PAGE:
Disassembling a guitar can be fun, but before you begin, be sure you have the correct tools for the job—and always save all the parts you remove. (An empty pickup box is handy for collecting screws and parts.) Here’s the process:
- Remove the strings.
- Unscrew (counterclockwise) the neck bolts, remove the original neck, and compare it to the replacement (Photos 1-3).
- Inspect the neck pocket and clean out any debris (Photo 4).
At this point, the new neck has no tuning keys, string nut, or string trees, so we’ll add these components next.
- Install the tuning keys. First, use a hammer
with a soft nylon or rubber head to
tap the tuner bushings into their holes
(Photos 5 and 6). Turn the neck over
and lay the tuners into their holes. With
a metal ruler as a guide, carefully align
the tuners in a straight line (Photo 7).
Still holding the tuners in alignment
against the ruler, use a sharp-tipped tool
to mark a spot for the pilot hole for
each tuner mounting screw (Photo 8).
Countersink the tuner-screw pilot holes using a small Phillips screwdriver to create a cone at the lip of each screw hole (Photos 9 and 10).
Tuner mounting screws vary in length from one brand to another. Before you drill any holes, always check the screw depth against the headstock (Photo 11). If the screws are too long, you risk drilling through the headstock face or splitting the wood with the screw tip.
Insert a screw into a tuner, then measure the screw’s length and width against your drill bit. Match the bit width to the screw’s main shaft—not its cutting threads—and mark the bit depth with a Sharpie or piece of masking tape (Photo 12).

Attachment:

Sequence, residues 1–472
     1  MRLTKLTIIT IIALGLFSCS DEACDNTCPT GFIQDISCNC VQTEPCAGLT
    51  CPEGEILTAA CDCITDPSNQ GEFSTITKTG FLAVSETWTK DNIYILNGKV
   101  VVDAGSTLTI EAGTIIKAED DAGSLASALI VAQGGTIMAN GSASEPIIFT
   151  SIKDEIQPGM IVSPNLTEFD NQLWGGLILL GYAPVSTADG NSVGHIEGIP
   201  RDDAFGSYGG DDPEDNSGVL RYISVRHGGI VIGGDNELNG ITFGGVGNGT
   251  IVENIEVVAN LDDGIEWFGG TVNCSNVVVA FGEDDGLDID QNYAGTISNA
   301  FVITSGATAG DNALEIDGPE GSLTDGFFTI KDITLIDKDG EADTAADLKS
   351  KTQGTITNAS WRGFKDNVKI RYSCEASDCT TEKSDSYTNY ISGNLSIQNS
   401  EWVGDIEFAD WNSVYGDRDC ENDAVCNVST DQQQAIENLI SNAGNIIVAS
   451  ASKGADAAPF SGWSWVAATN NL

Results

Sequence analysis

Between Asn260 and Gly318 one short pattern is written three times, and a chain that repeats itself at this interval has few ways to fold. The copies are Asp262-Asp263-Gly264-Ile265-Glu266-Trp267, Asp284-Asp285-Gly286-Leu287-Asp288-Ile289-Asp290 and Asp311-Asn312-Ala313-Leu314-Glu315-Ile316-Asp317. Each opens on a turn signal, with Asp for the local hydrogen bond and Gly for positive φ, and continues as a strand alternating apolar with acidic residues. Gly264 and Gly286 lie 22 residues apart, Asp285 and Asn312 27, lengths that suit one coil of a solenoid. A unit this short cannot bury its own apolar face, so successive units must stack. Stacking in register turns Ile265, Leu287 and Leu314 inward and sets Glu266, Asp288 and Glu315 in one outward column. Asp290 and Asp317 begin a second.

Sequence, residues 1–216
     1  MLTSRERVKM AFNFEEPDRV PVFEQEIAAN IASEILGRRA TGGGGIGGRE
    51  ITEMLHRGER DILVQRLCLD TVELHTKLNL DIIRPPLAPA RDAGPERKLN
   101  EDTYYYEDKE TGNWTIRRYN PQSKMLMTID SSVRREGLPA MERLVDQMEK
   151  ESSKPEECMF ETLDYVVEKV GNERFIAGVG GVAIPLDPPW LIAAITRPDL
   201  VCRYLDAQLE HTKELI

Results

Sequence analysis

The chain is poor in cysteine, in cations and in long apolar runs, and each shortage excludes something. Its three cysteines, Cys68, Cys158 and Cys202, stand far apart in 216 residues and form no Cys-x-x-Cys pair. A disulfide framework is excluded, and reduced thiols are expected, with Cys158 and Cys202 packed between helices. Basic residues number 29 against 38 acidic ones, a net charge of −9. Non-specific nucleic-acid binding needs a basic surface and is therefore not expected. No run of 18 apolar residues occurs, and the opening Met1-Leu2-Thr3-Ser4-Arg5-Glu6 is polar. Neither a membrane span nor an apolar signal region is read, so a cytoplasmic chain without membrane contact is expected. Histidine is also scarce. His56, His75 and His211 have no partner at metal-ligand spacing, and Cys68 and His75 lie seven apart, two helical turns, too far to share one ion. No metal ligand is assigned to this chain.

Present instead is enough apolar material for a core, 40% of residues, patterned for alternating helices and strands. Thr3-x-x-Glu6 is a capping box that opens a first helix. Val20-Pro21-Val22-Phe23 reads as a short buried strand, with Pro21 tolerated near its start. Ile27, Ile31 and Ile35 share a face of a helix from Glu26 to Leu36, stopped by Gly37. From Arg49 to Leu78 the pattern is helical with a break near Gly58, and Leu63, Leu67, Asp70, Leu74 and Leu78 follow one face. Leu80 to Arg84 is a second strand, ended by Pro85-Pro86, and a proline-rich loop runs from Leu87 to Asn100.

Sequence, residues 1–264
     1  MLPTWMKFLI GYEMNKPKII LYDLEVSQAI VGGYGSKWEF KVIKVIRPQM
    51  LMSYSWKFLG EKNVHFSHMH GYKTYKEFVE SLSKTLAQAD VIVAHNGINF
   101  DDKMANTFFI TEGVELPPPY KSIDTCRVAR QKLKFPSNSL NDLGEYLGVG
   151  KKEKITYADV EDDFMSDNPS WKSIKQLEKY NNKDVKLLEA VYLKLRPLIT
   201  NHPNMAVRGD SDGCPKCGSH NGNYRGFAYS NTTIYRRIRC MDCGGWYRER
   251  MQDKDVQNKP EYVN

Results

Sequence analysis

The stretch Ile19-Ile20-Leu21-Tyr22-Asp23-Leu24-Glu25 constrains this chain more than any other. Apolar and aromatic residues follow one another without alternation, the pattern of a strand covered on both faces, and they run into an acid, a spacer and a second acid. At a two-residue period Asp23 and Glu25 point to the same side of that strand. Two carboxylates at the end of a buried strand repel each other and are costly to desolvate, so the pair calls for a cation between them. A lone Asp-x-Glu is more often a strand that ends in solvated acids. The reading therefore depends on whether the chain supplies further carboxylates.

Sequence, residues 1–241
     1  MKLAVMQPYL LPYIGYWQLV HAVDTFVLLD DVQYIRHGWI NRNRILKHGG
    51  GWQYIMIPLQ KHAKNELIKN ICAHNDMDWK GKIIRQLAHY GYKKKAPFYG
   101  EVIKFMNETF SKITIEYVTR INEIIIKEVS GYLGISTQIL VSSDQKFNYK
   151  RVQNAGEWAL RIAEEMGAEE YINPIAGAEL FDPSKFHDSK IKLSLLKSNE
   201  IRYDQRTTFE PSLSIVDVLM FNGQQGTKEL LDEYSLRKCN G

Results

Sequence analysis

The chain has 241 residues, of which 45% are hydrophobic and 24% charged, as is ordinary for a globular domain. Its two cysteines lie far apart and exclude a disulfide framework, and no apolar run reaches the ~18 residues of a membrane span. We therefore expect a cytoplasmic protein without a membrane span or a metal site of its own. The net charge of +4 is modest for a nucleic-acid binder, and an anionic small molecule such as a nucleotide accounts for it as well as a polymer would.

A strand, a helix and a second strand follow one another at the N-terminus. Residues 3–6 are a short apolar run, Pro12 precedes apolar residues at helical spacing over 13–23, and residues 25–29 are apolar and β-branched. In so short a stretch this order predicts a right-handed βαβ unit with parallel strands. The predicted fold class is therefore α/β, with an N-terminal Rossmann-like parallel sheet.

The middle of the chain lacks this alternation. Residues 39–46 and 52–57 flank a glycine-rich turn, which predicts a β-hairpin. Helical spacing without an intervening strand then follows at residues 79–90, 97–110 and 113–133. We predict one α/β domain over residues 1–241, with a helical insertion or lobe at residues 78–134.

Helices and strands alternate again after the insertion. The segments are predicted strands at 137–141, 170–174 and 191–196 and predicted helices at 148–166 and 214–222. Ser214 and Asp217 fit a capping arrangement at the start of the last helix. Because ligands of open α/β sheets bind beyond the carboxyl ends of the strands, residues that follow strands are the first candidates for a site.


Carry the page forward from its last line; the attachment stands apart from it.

With the neck resting on a padded, stable surface, drill the tuner screw holes into the back of the headstock. Work slowly and methodically (Photo 13).
Finally, attach the tuning machines, starting with the 6th or 1st and working sequentially along the headstock (Photo 14).
- Temporarily install a pre-slotted string nut. This acts as a guide for aligning the neck. In our project, the temporary nut will be replaced by the finished bone nut later in the assembly process. (If you’ve ordered a neck with a pre-installed, pre-slotted nut, you’re already set and can skip to Step 3.)
Tip: If you don’t already have a used pre-slotted nut, synthetic pre-slotted and shaped nuts are available from such retailers as Guitar Center and Musician’s Friend. Stewart-MacDonald sells bone nuts that are cut, sized, and slotted for Fenders, and starting with one of these and then modifying it for baritone strings can be a real time-saver.